After three flights, and a crashed wedding party, Oliver and I have arrived in Rigolet, Nunatsiavut.
Well, technically we arrived Saturday, but since we spent the last 24 hours on a remote island in northern Labrador without any access to the internet, I wasn’t able to write this post. Such is life.
But I’m getting ahead of myself.
The adventure began when Oliver and I left Guelph on Friday evening to catch our flight from Pearson to St. John’s, Newfoundland and Labrador. Despite some traffic, Dominic (my soon to be master’s student) managed to drop us off in time to get through security, fill up on Starbucks, and board the plane without issue. The flight – Oliver’s first – left Toronto on time, had zero turbulence, and landed in St. John’s ahead of schedule. Based on my experiences, his first flight was a complete fluke.
After landing in St. John’s just before 1am, we made our way to our hotel only to learn that the hotel bar was closed. This was obviously unfortunate news, as Oliver and I had a hankering for a tasty beverage or two. But all was not lost. Jim Power (I think that was his name) and his lovely bride (whose name I did not get) were celebrating their wedding reception in the very hotel that we were staying. Now, with this information in hand you might be wondering, would I crash a wedding reception with my impressionable young grad student on hand? The answer is yes, yes I would.
Best. Prof. Ever.
After a couple of beers we retired to our respective rooms, only to awake no more than 2 hours later to return to the St. John’s airport to fly to Happy Valley Goose Bay, and then from there to Rigolet. With each flight our plane got smaller and more susceptible to the effects of turbulence. Amazingly, we experienced almost none. Oliver must be a good luck charm. Instead of turbulence, we were offered some incredible views of Labrador and the Atlantic ocean. Despite the blue skies and sunshine, the water looked cold and dark; darker than any ocean I’ve ever experienced. Still, the aerial view of the land and sea was somehow inviting.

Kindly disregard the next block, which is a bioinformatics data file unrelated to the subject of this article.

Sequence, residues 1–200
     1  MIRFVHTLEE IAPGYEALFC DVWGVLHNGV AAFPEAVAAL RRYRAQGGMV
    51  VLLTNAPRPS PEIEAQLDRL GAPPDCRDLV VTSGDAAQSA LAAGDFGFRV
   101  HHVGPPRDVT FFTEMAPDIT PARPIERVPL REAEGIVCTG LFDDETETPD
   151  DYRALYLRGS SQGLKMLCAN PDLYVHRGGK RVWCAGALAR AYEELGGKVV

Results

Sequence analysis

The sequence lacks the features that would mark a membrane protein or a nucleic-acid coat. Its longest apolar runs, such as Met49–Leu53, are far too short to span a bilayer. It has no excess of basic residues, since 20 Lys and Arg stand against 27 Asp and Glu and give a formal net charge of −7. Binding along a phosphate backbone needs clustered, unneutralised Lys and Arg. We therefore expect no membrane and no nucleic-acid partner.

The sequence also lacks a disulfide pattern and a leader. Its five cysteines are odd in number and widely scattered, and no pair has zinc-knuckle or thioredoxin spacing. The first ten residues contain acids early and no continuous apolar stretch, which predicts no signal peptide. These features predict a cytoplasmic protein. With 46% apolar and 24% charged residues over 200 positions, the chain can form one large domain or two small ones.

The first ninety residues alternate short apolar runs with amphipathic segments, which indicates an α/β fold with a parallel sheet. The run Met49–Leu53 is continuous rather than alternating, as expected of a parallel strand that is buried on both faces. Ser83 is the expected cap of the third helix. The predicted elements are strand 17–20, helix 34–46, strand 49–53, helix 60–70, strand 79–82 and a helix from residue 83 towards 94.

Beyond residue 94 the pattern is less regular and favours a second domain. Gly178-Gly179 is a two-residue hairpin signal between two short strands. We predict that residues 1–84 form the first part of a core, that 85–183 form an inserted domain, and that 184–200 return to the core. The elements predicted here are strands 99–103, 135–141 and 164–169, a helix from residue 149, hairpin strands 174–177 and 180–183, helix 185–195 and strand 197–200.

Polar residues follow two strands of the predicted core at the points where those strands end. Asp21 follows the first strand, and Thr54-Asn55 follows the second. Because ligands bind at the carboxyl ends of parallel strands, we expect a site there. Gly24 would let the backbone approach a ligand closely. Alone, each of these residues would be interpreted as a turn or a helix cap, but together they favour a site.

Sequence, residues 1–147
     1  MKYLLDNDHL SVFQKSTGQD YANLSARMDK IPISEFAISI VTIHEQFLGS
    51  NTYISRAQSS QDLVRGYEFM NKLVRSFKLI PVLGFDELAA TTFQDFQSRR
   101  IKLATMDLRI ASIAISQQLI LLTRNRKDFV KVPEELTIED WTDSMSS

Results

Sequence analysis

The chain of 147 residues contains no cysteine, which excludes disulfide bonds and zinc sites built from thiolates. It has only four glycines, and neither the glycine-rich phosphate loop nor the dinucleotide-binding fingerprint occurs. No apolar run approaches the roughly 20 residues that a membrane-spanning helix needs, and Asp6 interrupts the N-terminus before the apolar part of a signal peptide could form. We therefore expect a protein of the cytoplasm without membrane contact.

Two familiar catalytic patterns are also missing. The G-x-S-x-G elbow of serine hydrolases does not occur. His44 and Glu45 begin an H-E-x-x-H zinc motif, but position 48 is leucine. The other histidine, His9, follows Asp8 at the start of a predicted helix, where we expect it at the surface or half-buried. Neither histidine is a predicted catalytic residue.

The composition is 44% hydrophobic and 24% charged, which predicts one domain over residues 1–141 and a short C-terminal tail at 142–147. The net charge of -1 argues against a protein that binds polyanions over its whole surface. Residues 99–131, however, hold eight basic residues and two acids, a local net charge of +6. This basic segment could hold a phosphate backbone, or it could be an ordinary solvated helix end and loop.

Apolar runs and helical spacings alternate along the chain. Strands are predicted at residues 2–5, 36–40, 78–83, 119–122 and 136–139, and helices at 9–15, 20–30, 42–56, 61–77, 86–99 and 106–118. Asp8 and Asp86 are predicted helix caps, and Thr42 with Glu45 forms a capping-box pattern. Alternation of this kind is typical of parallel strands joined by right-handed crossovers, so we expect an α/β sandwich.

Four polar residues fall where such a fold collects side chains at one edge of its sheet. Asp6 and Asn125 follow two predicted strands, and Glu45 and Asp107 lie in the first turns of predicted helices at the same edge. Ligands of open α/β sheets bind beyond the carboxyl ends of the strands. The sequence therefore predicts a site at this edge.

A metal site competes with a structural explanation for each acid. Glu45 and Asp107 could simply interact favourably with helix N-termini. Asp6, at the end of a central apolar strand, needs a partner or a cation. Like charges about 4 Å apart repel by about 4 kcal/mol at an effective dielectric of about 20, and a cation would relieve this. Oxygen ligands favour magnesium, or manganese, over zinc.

We were greeted at the Rigolet airport by Dr. Victoria, and swiftly whisked from there to Sandi and Karl’s B&B – where we are scheduled to stay for the rest of the week. However, since we’re all about adventure we didn’t stay at the B&B long. After a delicious home-cooked lunch, Sandi and Karl whisked us to their cabin on a remote island in northern Labrador for a night of caribou, potatoes, pea pudding, and raucous laughter. The ride over was itself a phenomenal experience, because hurtling over the cold dark waves of the atlantic ocean in a small metal boat, sometimes feeling like I was flying through the air, and every now and then remembering that my life jacket would do nothing to stop the death-by-hypothermia that would have resulted in short time if we were to capsize or be thrown ceremoniously into the dark embrace of the Atlantic, was exactly the kind of adrenaline rush I love.
The next morning we were stuffed full of partridge-berry pancakes, sausages, and coffee made with water that came directly from the brook running near the cabin. The air was crisp and clean, and the water was much calmer; enough to see seals playing in the waves, and to spot some minke whales on our venture back to Rigolet.
The thing that has struck me the most about this adventure so far is the fact that we’ve been here for less than 48 hours. Oliver has been on his first set of flights, including an 18 seater twin-engine. We’ve crashed a wedding, we’ve seen seals, and whales. We’ve eaten caribou, and learned to sew seal skin. And we have had fantastic views of the land and the surrounding Atlantic ocean. It’s amazing how much this place feels like home.
P.S. – Hi Oliver’s mom. I’ve made sure that Oliver has been eating properly, has washed behind his ears, and hasn’t died.